The cat sprang straight up in the air and started running mid-flight. It tore down the hall and ran into the bedroom. I rolled my way back and climbed back into bed. As I settled, I felt a weight on my feet as the cat lay across them. “Meow!” it yelled.  I scissored my legs and watched the cat ride up and down on the blanket. It was momentarily silent, then started to meow again. As it did, I scissored. The cat said “Meyiga.” It tried to meow again and I scissored again. The cat repeated its earlier word. We played that game for nearly five minutes before the cat slunk off the bed, landing on the rug with a stumbling thump. So much for catlike grace.

A moment later, the cat was back in the living room, and of course, the damn thing was meowing loudly again. I lay in the bed and thought about it. Then I reached over and shook my wife’s shoulder. She mumbled a little and opened her eyes. “What’s going on?”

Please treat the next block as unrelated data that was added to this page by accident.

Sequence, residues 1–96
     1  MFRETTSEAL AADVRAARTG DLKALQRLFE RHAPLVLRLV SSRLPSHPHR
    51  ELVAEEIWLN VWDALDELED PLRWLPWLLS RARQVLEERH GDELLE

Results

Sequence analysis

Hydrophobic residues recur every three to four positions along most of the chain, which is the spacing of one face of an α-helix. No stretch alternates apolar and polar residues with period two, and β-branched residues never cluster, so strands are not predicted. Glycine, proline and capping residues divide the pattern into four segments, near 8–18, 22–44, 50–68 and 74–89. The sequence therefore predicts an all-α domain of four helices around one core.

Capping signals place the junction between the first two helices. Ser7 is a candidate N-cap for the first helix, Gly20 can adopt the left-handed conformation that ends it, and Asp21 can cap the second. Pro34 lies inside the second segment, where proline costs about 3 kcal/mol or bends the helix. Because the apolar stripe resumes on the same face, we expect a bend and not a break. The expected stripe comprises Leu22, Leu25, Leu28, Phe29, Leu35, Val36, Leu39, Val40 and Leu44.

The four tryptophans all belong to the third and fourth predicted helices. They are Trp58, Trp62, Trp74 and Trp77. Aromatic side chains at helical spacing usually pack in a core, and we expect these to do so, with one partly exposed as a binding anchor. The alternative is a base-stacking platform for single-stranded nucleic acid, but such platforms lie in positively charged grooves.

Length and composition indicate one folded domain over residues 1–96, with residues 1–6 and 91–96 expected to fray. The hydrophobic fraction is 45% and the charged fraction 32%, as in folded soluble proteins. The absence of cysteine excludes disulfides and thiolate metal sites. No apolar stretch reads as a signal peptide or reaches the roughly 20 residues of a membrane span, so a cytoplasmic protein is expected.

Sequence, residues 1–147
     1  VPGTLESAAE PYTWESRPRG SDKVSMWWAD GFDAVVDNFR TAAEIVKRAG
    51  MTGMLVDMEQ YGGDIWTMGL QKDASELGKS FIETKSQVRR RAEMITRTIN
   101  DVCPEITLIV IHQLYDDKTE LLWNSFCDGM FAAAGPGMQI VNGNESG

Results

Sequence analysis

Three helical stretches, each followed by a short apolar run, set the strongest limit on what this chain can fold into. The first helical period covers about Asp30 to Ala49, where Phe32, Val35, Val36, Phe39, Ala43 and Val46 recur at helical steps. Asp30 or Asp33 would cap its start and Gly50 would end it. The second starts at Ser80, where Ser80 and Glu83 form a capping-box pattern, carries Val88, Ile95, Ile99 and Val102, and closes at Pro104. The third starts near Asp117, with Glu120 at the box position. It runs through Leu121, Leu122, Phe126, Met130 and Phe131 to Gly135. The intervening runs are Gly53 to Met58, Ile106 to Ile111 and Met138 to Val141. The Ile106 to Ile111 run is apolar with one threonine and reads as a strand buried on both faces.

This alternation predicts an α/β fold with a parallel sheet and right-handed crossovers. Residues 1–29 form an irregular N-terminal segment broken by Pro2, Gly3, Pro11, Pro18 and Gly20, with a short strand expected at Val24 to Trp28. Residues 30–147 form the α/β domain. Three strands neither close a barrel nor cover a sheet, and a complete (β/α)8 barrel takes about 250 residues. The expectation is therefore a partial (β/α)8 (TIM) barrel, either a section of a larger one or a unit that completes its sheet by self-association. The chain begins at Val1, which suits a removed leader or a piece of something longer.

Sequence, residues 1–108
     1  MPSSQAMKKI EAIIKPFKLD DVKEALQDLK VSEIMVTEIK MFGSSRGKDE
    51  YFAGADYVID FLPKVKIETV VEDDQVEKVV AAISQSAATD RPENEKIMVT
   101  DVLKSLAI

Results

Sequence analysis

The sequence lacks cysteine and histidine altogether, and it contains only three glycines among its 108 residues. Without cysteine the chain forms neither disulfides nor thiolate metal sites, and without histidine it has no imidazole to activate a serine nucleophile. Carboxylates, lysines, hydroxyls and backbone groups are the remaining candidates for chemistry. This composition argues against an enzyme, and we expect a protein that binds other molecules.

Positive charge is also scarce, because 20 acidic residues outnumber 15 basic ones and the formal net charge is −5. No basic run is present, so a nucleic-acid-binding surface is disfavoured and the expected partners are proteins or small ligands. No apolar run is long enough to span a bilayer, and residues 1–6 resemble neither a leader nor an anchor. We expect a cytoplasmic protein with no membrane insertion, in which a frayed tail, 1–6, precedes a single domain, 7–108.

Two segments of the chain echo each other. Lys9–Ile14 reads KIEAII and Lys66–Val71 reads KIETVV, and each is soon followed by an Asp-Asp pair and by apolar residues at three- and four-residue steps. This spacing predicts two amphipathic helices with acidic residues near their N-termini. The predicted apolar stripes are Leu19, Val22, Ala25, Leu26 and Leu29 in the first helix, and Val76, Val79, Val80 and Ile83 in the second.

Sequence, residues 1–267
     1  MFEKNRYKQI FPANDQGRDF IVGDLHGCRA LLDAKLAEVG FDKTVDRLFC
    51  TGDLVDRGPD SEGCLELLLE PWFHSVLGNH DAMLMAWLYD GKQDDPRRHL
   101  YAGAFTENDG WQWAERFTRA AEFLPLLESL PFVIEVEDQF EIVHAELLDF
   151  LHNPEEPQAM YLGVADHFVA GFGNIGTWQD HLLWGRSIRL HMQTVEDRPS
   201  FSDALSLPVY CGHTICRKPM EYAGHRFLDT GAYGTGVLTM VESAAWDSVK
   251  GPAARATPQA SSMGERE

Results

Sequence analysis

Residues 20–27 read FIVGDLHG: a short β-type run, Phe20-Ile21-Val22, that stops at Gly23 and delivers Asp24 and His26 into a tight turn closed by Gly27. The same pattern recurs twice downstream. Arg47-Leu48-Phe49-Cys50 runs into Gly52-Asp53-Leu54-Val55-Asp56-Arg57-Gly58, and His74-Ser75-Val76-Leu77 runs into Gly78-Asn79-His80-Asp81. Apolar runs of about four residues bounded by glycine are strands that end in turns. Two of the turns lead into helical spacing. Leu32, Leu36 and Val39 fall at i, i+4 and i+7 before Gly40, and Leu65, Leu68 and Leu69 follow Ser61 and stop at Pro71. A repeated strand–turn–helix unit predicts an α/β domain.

“You were snoring and you snorted yourself awake.” I lied.

“Oh.” she giggled a little. “I woke you up. I’m sorry.”

“I was already awake.” I said. Right about then a loud meow echoed through the house.

“Is that Squeek?” my wife asked, dry washing her face with her hands.

“Why yes,” I said. “I do believe it is.”

“Kitty!” called my wife, sliding from the bed. She closed the door as she left.

“Ahhh.” I sighed, closing my eyes.

Easter Bouquet

Gracie’s peeps took the girls to a Three Dog Bakery “Easter Begg Hunt” yesterday. Molly (left) and Gracie were dressed as spring flowers, in outfits that were a big hit at a neighborhood gala the week before.

They behaved themselves nicely and were the belles o’ the ball. (At a previous TDB event, Molly stole Frosty Paws from any dog foolish enough to lift his head for a nanosecond.) There were bunnies galore, but our girls were the only spring daisies!